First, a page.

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Karen Smyers’ arrival on the triathlon scene was notably inauspicious. After winning her age division at the 1984 Boston Bud Light U.S. Triathlon Series, she noticed that her time would have earned her second place overall—and a check for $200. “How do I start racing as a pro?” she asked a race official. “Check the other box,” she was told.
The word “epic” comes to mind when considering Smyers’ career. A list of her multiple world championships from 1990-1997 is testament to her greatness (in 1995 she won Kona, ITU worlds, and the Pan Am Games in the same year; she has also been the only American-born female Kona winner in the last 35 years), but then you add in the crazy stuff that marked the tail end of her tenure at the top of the sport: a rib-snapping duel with an 18-wheeler, thyroid cancer, and a freak injury during a home-repair project (she sliced her Achilles tendon while replacing a window) that took her out of competition for the better part of a year.
“The good news,” she recalls, “was that I was pregnant when it happened, so I could take rehab nice and slow.”
At her physical peak, Smyers was a dominating presence on a race course. But even at her best, the yin and yang of Smyersian drama loomed. At the 1995 Ironman World Championship in Kona, she and Paula Newby-Fraser reprised the 1982 Moss/McCartney drama, as Newby-Fraser collapsed approaching the finish line and Smyers ran past to a victory that—from a media perspective at least—seemed almost an afterthought.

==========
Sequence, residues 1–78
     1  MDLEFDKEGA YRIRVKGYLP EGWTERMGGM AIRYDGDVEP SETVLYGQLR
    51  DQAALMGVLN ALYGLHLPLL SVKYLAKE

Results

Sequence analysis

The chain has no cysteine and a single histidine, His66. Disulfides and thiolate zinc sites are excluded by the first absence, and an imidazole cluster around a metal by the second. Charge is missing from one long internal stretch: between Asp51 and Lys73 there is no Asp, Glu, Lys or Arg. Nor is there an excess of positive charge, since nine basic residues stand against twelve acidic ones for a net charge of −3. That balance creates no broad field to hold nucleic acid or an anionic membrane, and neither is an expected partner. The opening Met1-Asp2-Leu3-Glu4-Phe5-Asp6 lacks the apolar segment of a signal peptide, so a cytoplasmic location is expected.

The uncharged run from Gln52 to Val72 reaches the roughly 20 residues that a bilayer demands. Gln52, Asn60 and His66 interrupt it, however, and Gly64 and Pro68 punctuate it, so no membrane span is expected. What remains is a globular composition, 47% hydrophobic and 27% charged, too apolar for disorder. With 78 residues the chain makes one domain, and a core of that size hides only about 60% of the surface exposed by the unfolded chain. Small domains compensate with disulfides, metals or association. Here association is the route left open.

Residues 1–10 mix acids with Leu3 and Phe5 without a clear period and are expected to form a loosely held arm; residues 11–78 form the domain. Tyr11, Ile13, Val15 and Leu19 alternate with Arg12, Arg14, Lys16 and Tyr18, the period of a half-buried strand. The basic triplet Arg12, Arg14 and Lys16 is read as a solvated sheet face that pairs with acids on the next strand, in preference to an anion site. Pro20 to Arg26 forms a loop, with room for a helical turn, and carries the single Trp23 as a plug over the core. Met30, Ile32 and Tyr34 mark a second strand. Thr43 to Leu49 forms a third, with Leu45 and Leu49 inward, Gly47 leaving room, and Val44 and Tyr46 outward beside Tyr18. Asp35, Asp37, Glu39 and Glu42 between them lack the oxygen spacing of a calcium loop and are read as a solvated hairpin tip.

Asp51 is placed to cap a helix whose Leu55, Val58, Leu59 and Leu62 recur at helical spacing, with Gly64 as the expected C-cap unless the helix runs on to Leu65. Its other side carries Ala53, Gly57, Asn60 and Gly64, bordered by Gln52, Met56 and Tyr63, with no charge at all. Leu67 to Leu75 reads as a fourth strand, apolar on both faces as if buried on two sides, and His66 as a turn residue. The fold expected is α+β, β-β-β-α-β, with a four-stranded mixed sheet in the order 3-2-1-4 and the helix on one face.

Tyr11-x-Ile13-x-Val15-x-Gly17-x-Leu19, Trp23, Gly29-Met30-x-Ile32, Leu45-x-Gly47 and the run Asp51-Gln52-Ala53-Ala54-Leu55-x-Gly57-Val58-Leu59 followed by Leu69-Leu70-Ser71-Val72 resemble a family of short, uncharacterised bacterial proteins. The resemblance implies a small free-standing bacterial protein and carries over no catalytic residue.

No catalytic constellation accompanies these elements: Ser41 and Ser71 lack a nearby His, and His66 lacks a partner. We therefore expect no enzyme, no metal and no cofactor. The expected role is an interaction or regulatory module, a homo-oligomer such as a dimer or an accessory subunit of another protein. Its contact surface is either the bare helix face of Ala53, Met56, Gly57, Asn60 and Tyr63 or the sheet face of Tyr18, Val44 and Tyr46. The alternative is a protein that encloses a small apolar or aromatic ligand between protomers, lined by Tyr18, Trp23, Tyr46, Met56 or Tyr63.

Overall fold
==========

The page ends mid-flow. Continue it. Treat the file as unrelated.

“The TV coverage was all about Paula,” Smyers says. “She destroyed me on the bike. She had that race won.” Four years later, during Smyers’ post-pregnancy, post home-improvement-injury comeback, Canadian Lori Bowden set a Kona marathon record to run Smyers down and relegate her to second place.
“I raced up to my potential that day,” Smyers says of the 1999 race. “I‘m proud that Lori needed to break the record to beat me.”
It is a modest self-appraisal typical of Smyers’ approach to life on Planet Earth. In her 50s now, her days as a pro triathlete far behind her, it is clear that her success was rooted in a genuine, unfeigned love for the sport. If she was immersed back then, she is even more so now—still training and racing relentlessly, coaching, speaking, organizing events. She seems content in her non-retirement. If there is a regret, it is her failure to come back from injury and a cancer diagnosis to make the 2000 U.S. Olympic Team.
“Watching the Games on television, I felt like a high school kid who hadn’t been invited to the biggest party of the year,” Smyers says, laughing—the sound of moving water long gone and mostly forgotten. “I got so much more out of this sport than I ever expected,” she says. “It was the most fun way to spend 20 or 30 years that I could ever imagine.”